Frontline reports a net loss of $3.6 million for the second quarter of 1999 (1998 net income of $14.7 million) and a net loss of $3.4 million for the first six months of 1999 (1998 - net income of $23.9 million). Earnings per share for the quarter were $(0.08), (1998 - $0.32), and for the six months $(0.07), (1998 - $0.52).
SECOND QUARTER AND SIX MONTH RESULTS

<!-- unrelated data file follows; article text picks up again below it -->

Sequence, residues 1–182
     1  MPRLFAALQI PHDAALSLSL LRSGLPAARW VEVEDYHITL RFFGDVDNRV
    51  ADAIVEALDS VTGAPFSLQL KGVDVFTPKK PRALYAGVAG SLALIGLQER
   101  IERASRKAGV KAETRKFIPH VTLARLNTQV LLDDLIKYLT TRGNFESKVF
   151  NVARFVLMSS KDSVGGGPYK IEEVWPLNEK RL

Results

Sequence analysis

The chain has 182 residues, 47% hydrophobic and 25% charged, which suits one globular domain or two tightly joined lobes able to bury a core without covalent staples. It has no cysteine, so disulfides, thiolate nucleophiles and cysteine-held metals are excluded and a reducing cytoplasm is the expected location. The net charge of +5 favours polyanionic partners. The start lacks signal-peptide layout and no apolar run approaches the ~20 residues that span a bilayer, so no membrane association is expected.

Frontline reports a net loss of $3.6 million for the second quarter of 1999, compared with net income of $14.7 million for the second quarter of 1998. This result reflects the weakness in the tanker market, particularly the VLCC sector, offset by a dividend of $9.0 million received in respect of the Companys investment in ICB Shipping. In the second quarter of 1998, the reported results included the consolidation of Independent Tankers Corporation (ITC). As previously reported, ITC was subsequently sold to a related party and consequently not included in the consolidated results for any period of 1998. The financial information as at, and for the quarter ended June 30, 1998, included herein, has been restated to exclude ITC.